• Patty

      I can’t tell you how awesome that is to hear! Can’t wait to hear how your beta-testing goes.

  • Lesly

    Hi Patty
    Thanks for this podcast, I think in many ways it was talking to me.

    • Patty

      Absolutely, Lesly…keep moving forward with your business, taking chances, moving outside your comfort zone and teaching what you love to your sweet kids.

  • Vicky Swicegood

    Dear Patti,
    I want you too know how you not only saved my job but saved our family through deep space sparkle. I am so indebted to you for your wonderful outstanding website that it brings me to tears. I truly thank god for you and your team and for helping me so wonderfully this past year. Please know we love you all dearly. thank you! Vicky

    • Patty

      Thank you Vicki! That means a lot but it’s really the work that YOU do that makes me proud. Keep it up.

  • Virginia

    Great episode! When I first got laid off I started teaching private art lessons and called a mom to offer 1 hour for $10. She said I should never charge less than $25/hr, so I did. But what I found out was that was not enough to keep me going back. When something better came up or I just didn’t feel like it, I canceled. I think the parents would have paid $50 for the service I was providing and that would have made a big difference in my outlook on it.

  • Barbara

    Thank you, Patty. You are an inspiration!

  • kopikodog

    Hi Patty,

    Thanks so much for this conversation! I am opening my studio to students this summer and am nervous/excited about it. I’ve been gauging my pricing off of what my kids pay for private music lessons and various other activities. For transparency, in the Washington DC area, it seems that a half hour of music is 40$. I don’t know I can ask 80$ for an hour, but think that the 40$ might fly. Thanks for giving me a bit more confidence in feeling like I can charge what I am worth.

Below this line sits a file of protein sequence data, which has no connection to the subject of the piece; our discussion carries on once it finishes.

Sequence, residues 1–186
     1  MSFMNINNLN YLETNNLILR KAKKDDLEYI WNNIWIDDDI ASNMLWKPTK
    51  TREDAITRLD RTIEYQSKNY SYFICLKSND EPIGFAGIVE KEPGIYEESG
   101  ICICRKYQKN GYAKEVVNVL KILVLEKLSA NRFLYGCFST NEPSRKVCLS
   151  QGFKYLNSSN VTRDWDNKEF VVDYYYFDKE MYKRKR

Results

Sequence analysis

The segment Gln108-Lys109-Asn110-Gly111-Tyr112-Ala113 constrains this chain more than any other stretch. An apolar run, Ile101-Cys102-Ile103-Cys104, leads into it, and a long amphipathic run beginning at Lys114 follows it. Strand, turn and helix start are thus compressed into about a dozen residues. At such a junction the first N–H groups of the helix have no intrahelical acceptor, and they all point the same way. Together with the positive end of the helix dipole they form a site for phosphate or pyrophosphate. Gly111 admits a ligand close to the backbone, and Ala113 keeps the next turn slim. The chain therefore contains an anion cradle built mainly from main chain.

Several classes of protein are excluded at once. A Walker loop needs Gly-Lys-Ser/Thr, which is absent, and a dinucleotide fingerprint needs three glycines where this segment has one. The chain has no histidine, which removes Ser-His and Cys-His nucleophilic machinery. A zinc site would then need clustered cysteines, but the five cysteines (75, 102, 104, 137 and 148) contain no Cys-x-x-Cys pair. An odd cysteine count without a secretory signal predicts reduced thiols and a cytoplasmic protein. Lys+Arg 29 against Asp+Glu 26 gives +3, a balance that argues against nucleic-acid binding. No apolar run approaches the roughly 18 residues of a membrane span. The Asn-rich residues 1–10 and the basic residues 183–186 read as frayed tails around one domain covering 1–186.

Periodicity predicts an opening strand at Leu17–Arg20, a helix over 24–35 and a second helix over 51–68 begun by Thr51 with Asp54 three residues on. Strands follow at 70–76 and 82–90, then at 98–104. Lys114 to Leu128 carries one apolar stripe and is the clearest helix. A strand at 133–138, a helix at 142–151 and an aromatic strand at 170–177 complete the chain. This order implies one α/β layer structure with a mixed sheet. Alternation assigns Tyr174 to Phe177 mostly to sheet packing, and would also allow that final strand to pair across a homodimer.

• Sherry Walker-Taylor

    I listened to episode 93. I wanted to hear exact amounts but then saw that I could leave a comment/question. I taught art for 46 years but am thinking about teaching 1/day per week, (6 class sessions) in my house. I have a small bedroom that has been turned into a studio. The classes, at this point, would be (1 hour each), using a variety of (media and techniques), and a small (snack) sometime during each session. Student limit – (3 per each session).
    I would appreciate any (suggestions and prices) that you feel would help me get started.

    • Patty

      What do you need to make in order for you to have a successful business? How many students can you teach at one time? How many classes can you teach in a week? Answering these questions will help you determine a fee. My advice is to test out your classes. The group size will be small so see if it works for you. I would suspect that you could charge a premium amount given the semi-private nature of your classes.

  • Joanna

    Excellent episode, thank you so much!!! So many things that I have been thinking, I found myself nodding and ‘mm-hmm’-ing along with so many of your points! I love the last part where you mention allowing yourself to increase the price when you need to – this is something I have been holding back on, worried that I might lose customers, but I am going to go for it. Thank you for this!!